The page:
The predictive coding framework provides a natural implementation of the prior used in the Bayesian model proposed by Pellicano and Burr. In predictive coding schemes, higher brain areas attempt to “explain” input from lower brain areas, and then project these predictions down to lower areas, where the predicted sensory information is subtracted from the input (i.e., predicted information is discounted). This feedback operates in a hierarchical manner (Figure 1), and the predictions fed-back to lower areas constitute the (empirically-derived) “priors” (Feldman and Friston, 2010). Such empirical priors have been computationally implemented (Rao and Ballard, 1999; Feldman and Friston, 2010), and thus are open to experimental scrutiny. An added advantage of this framework is that it naturally explains the often-observed decrease in global processing in people with ASD, and concomitant increase in local processing (Happé and Frith, 2006; Mottron et al., 2006).

The predictive coding framework also provides an elegant way to implement both endogenous (top-down) and exogenous (bottom-up) attention within the same framework. The framework can therefore guide detailed investigations of whether perceptual deficits in ASD are due to malfunctioning of certain higher-level brain areas, or instead due to an attentional bias toward lower-level stimulus characteristics (Plaisted, 2001; Mottron et al., 2006).

Exogenous attention is linked to the prediction error in the predictive coding framework. Specifically, when the predictions (“priors”) do not match the input, expectations are violated, and a prediction error (i.e., the difference between the expected and the observed sensory information) is generated at lower levels. The prediction error constitutes a “surprise” (Feldman and Friston, 2010), which can be thought of as a trigger for exogenous attention. With decreased high-level processing in ASD (e.g., Brosnan et al., 2004; Happé and Frith, 2006), predictions are presumably less precise (or less strong, i.e., hypo-priors; Pellicano and Burr, 2012b), and thus prediction errors (“surprises”) will increase. As a result, the sensory systems of people with ASD will be constantly bombarded by new “surprises”, and hence overloaded with sensory stimulation.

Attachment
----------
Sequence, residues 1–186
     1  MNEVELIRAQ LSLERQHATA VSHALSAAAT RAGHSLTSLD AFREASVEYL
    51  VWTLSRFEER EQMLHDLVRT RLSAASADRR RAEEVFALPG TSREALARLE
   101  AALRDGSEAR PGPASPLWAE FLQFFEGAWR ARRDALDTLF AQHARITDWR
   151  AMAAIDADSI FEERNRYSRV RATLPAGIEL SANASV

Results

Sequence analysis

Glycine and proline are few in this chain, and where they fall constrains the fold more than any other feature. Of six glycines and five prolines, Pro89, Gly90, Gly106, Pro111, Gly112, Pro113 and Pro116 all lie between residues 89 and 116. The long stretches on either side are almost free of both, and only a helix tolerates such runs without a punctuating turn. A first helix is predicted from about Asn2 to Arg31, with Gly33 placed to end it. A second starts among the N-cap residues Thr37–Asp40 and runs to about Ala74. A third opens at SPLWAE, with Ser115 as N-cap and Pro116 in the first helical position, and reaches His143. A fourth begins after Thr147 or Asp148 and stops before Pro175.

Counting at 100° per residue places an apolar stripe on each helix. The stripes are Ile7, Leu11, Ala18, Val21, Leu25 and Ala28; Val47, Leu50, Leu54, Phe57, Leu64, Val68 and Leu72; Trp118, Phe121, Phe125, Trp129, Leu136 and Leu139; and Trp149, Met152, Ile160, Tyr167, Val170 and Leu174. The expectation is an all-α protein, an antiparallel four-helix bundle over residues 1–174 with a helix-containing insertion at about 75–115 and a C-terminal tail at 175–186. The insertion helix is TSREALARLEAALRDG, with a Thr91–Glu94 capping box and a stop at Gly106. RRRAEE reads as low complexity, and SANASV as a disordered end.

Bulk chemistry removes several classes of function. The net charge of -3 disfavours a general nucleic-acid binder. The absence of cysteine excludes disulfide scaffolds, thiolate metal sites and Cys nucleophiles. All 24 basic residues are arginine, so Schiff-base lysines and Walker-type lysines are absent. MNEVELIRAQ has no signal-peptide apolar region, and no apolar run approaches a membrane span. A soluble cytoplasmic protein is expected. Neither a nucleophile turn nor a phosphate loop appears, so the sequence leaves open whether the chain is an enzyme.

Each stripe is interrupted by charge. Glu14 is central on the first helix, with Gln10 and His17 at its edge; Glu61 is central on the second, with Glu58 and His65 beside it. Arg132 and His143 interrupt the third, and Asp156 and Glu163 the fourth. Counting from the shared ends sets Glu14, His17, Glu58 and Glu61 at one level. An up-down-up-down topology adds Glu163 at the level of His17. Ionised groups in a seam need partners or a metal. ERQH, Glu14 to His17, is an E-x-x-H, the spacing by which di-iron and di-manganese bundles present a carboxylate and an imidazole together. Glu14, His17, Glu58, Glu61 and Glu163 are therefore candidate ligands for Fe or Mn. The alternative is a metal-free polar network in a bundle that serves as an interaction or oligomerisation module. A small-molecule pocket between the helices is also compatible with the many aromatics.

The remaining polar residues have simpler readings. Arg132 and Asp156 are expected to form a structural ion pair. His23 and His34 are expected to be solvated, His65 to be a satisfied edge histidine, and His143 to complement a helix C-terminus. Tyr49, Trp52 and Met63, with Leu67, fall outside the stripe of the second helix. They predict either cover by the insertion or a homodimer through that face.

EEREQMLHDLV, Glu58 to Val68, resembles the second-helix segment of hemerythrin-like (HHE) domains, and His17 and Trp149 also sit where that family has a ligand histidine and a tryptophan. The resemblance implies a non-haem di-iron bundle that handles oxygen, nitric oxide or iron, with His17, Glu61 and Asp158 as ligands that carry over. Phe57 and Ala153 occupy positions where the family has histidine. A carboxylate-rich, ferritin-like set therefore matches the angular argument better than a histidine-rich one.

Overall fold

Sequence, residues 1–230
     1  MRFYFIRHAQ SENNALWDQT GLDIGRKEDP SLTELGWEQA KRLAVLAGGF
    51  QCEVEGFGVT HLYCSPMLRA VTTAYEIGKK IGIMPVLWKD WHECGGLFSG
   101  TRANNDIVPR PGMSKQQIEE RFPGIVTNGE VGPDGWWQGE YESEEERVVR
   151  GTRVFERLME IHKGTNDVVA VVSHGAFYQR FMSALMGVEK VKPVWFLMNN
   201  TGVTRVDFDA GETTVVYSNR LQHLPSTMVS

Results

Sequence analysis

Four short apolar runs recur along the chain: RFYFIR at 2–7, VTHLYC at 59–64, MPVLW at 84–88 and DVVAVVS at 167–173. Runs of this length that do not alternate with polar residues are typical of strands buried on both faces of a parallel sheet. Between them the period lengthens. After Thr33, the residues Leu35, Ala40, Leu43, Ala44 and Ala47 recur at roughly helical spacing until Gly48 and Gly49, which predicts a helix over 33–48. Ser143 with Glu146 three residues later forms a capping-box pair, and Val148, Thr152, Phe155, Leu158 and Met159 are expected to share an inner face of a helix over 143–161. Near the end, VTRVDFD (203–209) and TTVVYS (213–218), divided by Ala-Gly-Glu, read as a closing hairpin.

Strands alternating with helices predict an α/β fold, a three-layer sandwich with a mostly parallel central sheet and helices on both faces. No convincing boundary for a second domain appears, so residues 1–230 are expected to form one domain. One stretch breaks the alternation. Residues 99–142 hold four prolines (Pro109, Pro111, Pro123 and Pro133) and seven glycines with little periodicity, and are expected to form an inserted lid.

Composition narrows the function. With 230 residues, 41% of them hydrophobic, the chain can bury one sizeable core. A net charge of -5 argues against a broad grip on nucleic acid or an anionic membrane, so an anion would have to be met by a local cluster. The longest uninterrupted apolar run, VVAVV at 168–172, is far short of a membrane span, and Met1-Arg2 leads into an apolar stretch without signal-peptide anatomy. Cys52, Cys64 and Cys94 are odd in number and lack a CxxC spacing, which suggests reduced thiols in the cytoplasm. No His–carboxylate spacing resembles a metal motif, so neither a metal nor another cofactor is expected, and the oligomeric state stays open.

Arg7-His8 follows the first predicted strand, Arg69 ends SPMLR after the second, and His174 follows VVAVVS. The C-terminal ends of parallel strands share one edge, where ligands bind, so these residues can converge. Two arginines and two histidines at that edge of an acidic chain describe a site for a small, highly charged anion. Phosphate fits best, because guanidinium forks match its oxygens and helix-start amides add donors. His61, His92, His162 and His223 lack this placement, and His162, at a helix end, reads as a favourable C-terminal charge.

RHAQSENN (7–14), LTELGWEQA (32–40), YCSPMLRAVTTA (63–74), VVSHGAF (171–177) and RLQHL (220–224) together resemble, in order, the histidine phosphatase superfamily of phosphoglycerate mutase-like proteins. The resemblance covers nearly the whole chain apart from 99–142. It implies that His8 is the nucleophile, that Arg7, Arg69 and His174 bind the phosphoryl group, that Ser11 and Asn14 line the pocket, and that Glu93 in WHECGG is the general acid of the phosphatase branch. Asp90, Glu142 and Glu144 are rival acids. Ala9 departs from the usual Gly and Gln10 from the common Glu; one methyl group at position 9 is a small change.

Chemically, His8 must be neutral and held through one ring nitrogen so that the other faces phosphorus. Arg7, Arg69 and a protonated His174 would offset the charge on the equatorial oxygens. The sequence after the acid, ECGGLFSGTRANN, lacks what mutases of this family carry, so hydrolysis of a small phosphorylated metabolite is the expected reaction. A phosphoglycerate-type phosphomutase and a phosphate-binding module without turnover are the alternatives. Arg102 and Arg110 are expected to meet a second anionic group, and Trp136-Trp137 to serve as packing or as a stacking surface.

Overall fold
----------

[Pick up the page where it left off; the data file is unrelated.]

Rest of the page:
Endogenous attention can also be readily included in the predictive coding framework as a modulation of feedforward information (as explained in Feldman and Friston, 2010). Empirical evidence for such modulation exists (Zhang and Luck, 2009). Within the predictive coding framework, decreased influence of higher visual areas on perception, manifested in decreased activity (e.g., Belmonte et al., 2004; Schultz, 2005) or decreased (functional) connectivity (Just et al., 2004; Liu et al., 2011), could be due to decreased functioning of higher levels, or alternatively to decreased endogenous modulation of attention (Mottron et al., 2006), or both. Developing quantitative computational models may help us disentangle these possibilities.